Ever wondered if there is a difference between attending an intensive dance course and attending open classes? Gwendolyn digs in deep to find out what are the differences, and you will be surprised by the results!
In our local hip-hop dance scene – daresay even global – there is an endless variety of open classes for dancers to choose from. From basic Hip-Hop to Funk, open classes offer dancers a chance to experience a wide array of styles without commitment to a certain genre or instructor.
While agreeing that open classes allow for socialising with different dancers and the freedom of exchanging knowledge, Cheryl Tan, a degree holder in dance and freelance instructor, noted: “Open Classes are not as holistic and in-depth. It is really just more of just trial classes.”
Indeed, based on a survey we’ve done on 50 local dancers, a majority of 74% said they prefer to choose either the teacher or the genre they are dancing to, rendering the experimental nature of the open classes ineffective to the majority of the dancers.
According to Kimberly Tan, Dance Coordinator at Dance While It’s Day, foundation-based courses might just be the way to go.
Having attended The Legacy Experience (TLE), an intensive foundation-based course designed to ensure progress for the dancer, Kimberly had the opportunity to experience the best of both worlds. “Picking some (key areas to work on) would have been very difficult in open class because I can’t identify it for myself and instructors who don’t know me or watch me over a period of time may not be able to identify and communicate this over to me,” she mentioned, noting that the instructors were attentive in identifying key areas she needed to work on in her dancing.
One may argue that if they want to get the focused training, they should stick to one instructor every week. However, with the changing roster of students all the time, it’s harder for the teacher to focus on the individual’s development and push their potential to the limit because they are consistently trying to ensure whatever they are teaching is applicable to all students that attend.
To give perspective to the above, a ready-made example comes in the form of Ballet.
Ballet is notorious for having various levels catered to dancers, and unless approved by the teacher or the global standard of ballet, impossible for the dancer to progress to the next level. It is very difficult to find a well-trained ballet dancer who thrives solely on open classes – or rather, classes taught by different people at different times.
Why? With the lack of supervision, the chances of injuries caused by poor foundation increases. The teacher is unable to pinpoint issues that occur over time and more often than not, there are too many students for the teacher to focus on the student’s well-being.
It can be debated that ballet is too technical to be compared with the freeing vibe of hip-hop. But there might be a leaf or two to take out of Ballet’s book in motivating the dancer to improve.
Aside from just classes, TLE provide students with the opportunity to perform, through assessments and most importantly the mentorship to be a better dancer. Kimberly stated: “It really helped me to open up in terms of my dancing because it gave me the techniques I needed, the space for growth and the embrace of a community to let my guard down and finally be honest in my dancing (and my weaknesses therein) and also just let loose and have fun.”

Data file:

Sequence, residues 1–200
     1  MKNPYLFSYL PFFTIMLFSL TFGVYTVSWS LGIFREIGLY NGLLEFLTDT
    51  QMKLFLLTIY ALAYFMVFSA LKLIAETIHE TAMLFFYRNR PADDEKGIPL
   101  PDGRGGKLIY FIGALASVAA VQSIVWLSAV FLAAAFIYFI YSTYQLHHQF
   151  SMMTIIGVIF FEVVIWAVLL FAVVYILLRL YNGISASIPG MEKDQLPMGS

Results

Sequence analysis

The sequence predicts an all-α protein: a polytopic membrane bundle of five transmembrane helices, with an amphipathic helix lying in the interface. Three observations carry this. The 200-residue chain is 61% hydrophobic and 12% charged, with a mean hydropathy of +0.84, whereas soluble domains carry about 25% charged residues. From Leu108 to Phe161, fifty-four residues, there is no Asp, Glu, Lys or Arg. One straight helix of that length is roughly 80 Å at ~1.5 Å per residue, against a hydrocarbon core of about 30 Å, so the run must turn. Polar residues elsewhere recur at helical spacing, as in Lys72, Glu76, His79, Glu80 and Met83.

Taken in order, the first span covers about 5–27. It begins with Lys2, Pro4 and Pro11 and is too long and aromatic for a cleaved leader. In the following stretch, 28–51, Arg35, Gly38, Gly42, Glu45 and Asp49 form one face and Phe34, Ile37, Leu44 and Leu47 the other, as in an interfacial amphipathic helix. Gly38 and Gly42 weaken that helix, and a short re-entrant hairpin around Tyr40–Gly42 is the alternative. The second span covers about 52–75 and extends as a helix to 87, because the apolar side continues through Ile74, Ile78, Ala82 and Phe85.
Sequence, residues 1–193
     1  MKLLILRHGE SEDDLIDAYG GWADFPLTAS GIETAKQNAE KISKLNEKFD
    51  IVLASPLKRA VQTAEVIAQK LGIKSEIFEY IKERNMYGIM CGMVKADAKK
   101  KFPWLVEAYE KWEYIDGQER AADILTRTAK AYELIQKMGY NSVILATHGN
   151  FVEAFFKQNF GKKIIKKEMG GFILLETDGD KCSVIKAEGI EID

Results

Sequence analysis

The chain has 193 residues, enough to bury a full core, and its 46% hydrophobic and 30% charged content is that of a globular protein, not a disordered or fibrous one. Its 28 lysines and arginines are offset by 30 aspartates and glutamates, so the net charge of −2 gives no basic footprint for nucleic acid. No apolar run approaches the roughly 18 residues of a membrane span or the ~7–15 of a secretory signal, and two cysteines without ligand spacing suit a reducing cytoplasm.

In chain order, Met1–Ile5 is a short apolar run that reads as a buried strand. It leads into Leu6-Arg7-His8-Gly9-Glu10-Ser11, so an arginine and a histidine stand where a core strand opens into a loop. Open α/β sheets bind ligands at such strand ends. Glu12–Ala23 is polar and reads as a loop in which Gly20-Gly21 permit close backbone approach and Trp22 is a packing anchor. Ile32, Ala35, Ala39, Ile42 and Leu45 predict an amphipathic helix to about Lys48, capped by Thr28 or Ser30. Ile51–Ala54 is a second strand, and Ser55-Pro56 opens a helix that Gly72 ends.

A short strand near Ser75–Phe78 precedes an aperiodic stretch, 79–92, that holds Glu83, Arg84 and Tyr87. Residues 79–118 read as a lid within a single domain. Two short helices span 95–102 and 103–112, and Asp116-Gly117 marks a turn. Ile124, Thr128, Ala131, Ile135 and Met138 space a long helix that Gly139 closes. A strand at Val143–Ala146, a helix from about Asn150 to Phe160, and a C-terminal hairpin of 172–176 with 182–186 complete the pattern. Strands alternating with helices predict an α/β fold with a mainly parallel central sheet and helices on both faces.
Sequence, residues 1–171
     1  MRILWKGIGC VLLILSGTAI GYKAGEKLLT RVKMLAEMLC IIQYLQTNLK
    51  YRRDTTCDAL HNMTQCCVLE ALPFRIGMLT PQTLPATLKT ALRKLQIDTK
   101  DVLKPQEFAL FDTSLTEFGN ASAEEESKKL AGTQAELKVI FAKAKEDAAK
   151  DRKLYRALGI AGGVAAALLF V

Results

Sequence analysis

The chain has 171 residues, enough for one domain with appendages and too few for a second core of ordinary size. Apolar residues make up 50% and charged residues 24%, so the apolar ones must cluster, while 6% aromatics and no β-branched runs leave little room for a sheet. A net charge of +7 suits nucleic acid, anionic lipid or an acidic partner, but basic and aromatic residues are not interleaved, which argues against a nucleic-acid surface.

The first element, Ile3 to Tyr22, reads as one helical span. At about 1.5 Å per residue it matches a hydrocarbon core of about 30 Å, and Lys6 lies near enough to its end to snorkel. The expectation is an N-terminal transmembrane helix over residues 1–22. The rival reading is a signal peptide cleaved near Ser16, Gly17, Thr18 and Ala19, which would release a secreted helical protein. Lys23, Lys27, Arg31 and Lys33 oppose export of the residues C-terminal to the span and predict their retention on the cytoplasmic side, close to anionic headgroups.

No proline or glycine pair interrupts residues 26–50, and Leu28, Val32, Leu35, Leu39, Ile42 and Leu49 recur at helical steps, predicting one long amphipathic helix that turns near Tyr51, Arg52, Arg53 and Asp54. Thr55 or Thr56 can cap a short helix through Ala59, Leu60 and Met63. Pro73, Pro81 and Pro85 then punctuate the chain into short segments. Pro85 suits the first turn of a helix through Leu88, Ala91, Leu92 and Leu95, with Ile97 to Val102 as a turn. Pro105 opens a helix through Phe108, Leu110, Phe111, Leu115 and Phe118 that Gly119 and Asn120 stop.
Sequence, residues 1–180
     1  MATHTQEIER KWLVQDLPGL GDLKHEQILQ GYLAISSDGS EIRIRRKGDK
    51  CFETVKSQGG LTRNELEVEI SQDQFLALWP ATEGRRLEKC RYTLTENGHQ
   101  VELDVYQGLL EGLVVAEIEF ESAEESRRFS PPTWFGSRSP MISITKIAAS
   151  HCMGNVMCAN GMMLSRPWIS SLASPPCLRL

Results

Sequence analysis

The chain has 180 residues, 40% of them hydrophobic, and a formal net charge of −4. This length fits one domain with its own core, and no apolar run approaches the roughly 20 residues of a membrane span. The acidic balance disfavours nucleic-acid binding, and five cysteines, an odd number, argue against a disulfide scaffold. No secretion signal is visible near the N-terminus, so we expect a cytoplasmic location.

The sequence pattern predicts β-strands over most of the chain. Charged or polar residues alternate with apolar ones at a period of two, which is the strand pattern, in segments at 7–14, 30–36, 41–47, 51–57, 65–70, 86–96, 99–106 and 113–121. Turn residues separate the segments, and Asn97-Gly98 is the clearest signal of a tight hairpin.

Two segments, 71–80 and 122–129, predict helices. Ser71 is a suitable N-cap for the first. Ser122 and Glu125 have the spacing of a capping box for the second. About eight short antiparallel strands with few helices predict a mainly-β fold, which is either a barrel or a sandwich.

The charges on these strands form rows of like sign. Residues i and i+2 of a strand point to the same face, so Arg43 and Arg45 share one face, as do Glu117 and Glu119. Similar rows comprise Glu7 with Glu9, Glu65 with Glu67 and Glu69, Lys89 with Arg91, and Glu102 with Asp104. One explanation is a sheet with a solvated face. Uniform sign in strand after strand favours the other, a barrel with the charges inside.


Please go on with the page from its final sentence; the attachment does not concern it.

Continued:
Syairah Goh is another example of the benefits foundation-based courses can provide. “Under Legacy, I always feel encouraged to step out of my comfort zone to learn and explore more. I’ve also learned to persevere and be more determined in what I do through dance.” Currently, Syairah is actively choreographing and teaching outside of the course itself.
What about the commitment that comes with intensive foundation-based courses? Clearly open classes have the upper hand as you can choose as and when to attend. The founder and creator of TLE, Chan Jia Jun acknowledged: “What happens after the dance course will rely mostly on how motivated or passionate they are to continue training.”
Kimberly agreed: “The commitment and discipline it required was a personal challenge, and yet it was not overly taxing to the point of me compromising on my other responsibilities in life.” Evidently, it is through this that they learn the value of discipline and active improvement.
WATCH THE VALUE OF PERFORMING HERE
Indeed, many students who were unable to commit due to personal reasons had to stop their training for a period of time. But despite that, countless do return to complete and graduate from the course as they felt it is somewhere where they feel they belong. In Syairah’s own words: “I decided to come back because I missed everyone in Legacy. I missed the feeling of dancing with them.”
Undoubtedly, foundation-based courses and open classes possess vastly different characteristics. Whether you want the freedom of dancing or a focused journey of improvement, it is clear that with the introduction of courses such as TLE, the dancers in Singapore would have more opportunities for progression in the local Hip-hop scene. Justin Joel Tan, a hiphop dancer at Cornell University agrees: “If you don’t have your foundations down, you can never improve past a certain point and will always struggle in open classes. Use what you learned in foundation-based courses to push yourself in open classes (and have fun of course!)”
If you are keen to try out The Legacy Experience for yourself, there is still time! Grab your friends and head down to Legacy Dance Co. at Sime Darby on the 30th June for their try-outs! Don’t hesitate, as it will be your last chance to join the Experience for the semester (six months).
Click here to find out more information about The Legacy Experience!